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comment by mk

    I am what you would probably call a moderate - a member of the illusive "center" whose views defy total binary categorization into "Democrat" and "Republican".

    I am driven away from either of the two major parties by the way they cling to their fringe elements.

Can you explain why you then registered to vote for Bernie? He is quite left of center.

Rook  ·  1120 days ago  ·  link  ·  

Hi, as a fresh Reddit refugee, thanks for inviting me to expand on my view instead of meeting me with a self-righteous tirade! That knee-jerk hostility is the kind of behavior I am trying to get away from.

The first thing I should probably break down is that to me, there are important distinctions between "left" and "Democrat".

In that vein, the first thing to note about Bernie Sanders is that before running as a Democrat, he was the longest serving Independent member of Congress in the history of the United States. Just like any number of people who registered Democrat to vote in the most recent primary, Bernie partook of the Democratic Party in order to gain access to a discourse that has been dominated by the two party system. However, it doesn't necessarily make one a true Democrat.

So what about status-quo Democratic politics differ from the Sanders campaign? My key issues with the Democratic Party are that they have eagerly lined up behind Wall Street in support of the Neo-Liberal economic agenda, and are strongly biased towards entrenched, lifelong politicians who do not favor productive change. From my perspective, this is evidenced by the general lack of progress in most spheres of American politics during my entire life. By contrast, the post-election Sanders camp has been all about getting younger people with fresh perspectives into office, which I, as a fellow reformist, support.

As for the question of just how left Bernie leans, I'd actually like to talk about one of the major moderating influences on his politics: he is from Vermont, a relatively rural state for the East Coast. I grew up splitting a lot of time between urban and rural settings, and have come to view certain divisive political issues, such as gun control, as a largely urban vs. rural culture problem. So, I like that he is moderate on these issues because I see it as necessary to healing some of those rifts and uniting the political center.

I also support many of his Socialist leanings, if not all. Without totally going down the rabbit hole of every policy item, I think there are reasonable limits and requirements to be placed on social and economic systems. Quite a few of his proposals make sense to me on a rational, humanist level, and seem like they might actually work. So really, the matter of where his policies fall on the political spectrum doesn't even enter into it.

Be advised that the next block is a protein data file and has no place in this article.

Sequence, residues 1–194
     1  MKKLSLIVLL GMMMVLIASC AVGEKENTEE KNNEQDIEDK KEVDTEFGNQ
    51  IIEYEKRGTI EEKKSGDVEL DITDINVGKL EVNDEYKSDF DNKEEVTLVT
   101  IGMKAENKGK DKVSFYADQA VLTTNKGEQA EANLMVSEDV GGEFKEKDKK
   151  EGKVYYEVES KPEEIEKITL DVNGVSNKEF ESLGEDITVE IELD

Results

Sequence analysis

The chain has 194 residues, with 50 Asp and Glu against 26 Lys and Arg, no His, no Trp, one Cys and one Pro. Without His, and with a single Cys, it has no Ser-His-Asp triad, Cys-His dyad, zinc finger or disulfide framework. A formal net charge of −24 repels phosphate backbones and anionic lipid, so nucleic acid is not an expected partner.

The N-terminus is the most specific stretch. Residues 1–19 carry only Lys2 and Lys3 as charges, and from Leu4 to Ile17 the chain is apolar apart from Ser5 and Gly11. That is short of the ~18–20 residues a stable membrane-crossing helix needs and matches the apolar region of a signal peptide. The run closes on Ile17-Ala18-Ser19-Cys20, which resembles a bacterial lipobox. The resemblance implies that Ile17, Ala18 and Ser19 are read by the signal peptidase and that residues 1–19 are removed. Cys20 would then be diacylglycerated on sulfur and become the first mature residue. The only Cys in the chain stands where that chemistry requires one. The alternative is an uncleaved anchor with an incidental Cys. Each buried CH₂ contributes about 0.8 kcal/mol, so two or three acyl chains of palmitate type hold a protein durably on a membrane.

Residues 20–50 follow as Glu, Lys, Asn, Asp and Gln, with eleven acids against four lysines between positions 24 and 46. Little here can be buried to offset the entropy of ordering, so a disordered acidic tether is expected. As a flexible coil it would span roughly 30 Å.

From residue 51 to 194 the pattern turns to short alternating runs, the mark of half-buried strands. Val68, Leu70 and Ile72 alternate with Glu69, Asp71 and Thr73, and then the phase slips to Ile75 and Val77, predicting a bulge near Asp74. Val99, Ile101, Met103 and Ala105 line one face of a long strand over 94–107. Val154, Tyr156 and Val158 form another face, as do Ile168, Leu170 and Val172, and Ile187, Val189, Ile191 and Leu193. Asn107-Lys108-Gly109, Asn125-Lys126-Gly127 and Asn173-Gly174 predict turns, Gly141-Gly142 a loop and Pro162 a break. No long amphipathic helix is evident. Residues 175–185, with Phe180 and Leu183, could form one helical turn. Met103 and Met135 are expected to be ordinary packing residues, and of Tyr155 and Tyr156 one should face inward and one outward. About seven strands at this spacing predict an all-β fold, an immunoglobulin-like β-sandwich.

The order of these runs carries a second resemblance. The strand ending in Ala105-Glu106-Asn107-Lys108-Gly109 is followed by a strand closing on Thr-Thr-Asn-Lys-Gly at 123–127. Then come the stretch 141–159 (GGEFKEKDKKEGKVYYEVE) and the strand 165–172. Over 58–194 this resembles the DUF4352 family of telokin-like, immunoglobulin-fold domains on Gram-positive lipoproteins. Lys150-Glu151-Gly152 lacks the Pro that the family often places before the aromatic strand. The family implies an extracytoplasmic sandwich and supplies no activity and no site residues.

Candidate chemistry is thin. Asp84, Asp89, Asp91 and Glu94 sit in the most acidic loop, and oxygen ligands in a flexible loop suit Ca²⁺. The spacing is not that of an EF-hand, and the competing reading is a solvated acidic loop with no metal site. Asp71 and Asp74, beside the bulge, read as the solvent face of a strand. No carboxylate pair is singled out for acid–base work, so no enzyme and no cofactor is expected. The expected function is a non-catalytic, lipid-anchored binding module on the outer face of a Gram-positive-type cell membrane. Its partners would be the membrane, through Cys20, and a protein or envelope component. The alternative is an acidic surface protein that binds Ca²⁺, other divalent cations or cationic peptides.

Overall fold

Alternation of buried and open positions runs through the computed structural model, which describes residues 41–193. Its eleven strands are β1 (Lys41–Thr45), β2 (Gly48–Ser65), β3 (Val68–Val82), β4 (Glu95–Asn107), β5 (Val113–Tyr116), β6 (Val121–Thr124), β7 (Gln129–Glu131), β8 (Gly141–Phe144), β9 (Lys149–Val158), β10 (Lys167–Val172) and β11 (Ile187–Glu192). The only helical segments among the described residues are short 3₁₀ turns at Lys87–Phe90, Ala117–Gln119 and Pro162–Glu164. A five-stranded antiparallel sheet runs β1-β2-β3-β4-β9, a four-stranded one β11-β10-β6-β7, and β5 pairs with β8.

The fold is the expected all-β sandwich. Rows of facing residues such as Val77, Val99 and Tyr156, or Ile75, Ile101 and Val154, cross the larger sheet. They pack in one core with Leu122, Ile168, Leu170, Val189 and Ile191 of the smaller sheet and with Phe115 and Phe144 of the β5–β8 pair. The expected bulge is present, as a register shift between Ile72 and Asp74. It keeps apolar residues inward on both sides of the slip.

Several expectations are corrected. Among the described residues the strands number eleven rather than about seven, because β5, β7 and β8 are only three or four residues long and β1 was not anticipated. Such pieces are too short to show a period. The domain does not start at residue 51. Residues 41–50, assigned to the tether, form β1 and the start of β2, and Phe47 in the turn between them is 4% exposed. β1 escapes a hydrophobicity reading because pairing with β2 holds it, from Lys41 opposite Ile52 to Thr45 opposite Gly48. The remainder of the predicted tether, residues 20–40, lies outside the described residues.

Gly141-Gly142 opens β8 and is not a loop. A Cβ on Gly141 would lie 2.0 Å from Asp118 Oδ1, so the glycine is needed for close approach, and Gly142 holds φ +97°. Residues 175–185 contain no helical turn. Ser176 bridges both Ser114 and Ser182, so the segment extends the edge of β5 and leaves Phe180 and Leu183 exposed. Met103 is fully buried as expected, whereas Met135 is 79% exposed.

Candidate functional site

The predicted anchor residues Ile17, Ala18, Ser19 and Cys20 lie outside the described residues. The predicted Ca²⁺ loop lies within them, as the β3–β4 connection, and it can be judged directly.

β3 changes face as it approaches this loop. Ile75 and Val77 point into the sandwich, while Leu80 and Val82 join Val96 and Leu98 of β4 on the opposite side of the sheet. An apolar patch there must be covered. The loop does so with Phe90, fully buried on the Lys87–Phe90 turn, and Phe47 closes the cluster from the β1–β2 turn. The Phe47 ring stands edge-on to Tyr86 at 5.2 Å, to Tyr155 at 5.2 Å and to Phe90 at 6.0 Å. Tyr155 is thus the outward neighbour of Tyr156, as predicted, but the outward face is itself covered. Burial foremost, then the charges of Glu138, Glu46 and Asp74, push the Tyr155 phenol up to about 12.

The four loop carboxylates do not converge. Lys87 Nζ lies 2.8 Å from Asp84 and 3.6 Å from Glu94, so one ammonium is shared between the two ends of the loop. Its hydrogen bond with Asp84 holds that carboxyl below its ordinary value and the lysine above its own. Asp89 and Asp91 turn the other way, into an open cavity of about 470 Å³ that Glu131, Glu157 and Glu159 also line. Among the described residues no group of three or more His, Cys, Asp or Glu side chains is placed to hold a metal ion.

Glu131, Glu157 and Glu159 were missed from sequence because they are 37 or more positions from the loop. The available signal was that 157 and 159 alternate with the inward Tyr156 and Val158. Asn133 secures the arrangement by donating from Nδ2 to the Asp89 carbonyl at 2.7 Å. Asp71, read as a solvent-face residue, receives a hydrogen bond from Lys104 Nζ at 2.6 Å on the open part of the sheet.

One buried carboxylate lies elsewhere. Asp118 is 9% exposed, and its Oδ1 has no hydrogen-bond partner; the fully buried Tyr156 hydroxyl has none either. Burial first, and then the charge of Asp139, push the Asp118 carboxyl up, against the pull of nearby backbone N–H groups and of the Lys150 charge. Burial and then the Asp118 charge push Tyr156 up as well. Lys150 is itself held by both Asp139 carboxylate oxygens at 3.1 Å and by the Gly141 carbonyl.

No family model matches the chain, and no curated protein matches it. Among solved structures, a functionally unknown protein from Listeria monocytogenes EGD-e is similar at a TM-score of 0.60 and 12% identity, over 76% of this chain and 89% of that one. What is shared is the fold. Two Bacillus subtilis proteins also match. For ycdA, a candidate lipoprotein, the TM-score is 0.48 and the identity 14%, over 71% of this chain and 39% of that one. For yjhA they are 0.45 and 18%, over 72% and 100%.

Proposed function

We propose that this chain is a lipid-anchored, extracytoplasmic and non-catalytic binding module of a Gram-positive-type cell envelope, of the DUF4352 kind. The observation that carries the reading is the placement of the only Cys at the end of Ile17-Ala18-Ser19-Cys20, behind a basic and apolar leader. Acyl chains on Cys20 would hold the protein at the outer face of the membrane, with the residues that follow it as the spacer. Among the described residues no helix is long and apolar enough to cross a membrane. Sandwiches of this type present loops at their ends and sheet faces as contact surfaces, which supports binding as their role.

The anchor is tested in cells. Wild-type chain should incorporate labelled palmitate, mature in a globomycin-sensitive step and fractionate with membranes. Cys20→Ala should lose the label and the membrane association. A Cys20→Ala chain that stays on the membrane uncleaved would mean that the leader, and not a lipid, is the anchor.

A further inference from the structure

mk  ·  1120 days ago  ·  link  ·  

Fair enough. Makes sense.

But what I don’t understand, is once Bernie was out, why not choose Hillary over Trump? Trump is probably going to do damage that could be permanent, like exiting climate talks for example. There is a huge difference between the two. I have a five year old daughter, and I don’t want her to even see or listen to him. He’s an incompetent racist misogynistic fool. Why no impetus to keep him away from the Whitehouse?

BTW I fault Hillary for not begging Bernie to be VP. That ticket would have been a lock.

Rook  ·  1120 days ago  ·  link  ·  

I mean, don't get me wrong, "President Trump" is like a Stephen King character or something. I don't like him.

On a personal note, though, I grew up in what was probably the most institutionally liberal place and time to ever exist - the East San Francisco Bay Area in the last part of the last century. I was raised with progressive values which I hold dear. However, I have seen over and over again how easy it is to twist those values into something that looks more like a conservative religion than a society with freedom of thought and conscience. So I have a real leeriness of what looks like entrenched dogma, and to me that was what Clinton and the DNC represented.

But you actually do speak to some of my hopefulness when you talk about the question of "permanent damage". Not that I want permanent damage! Let me explain:

I think Trump is doing damage, yes. However, I actually think that the benefit of it may be in its very impermanence.

As someone who wants systemic reform, I think this presidency is showing us where we are weak. Showing which systems are too easy to corrupt or destroy, challenging entrenched views, and exposing cultural rifts. If society is a social organism, then the function of pain is to indicate damage. And much of that damage was already there... Trump is just exacerbating it.

Barring the possibility that left-wing fervor drives the center towards the right in the next election, we won't have Trump for much longer. But we will have the legacy of being shaken up and shown what we need to fix.

The most truly lasting damage I think he has already inflicted is in diminishing America's presence as the global hegemon... but even in the case of things like climate change, this may drive other nations to take action of their own accord without relying on the United States, and I'm not sure that's a bad thing.

ThurberMingus  ·  1119 days ago  ·  link  ·  

    But you actually do speak to some of my hopefulness when you talk about the question of "permanent damage". Not that I want permanent damage!

Let's not jump off a balcony to see whether our ankles or knees are weaker.

I think you are to optimistic about 2020. Look at the kind of people who get elected: if America is rolling on the ground with a broken ankle some are definitely going to exploit that for personal gain. And if "now that we see the weak points we'll fix them" was a valid assessment, we wouldn't have elected Donnie at all.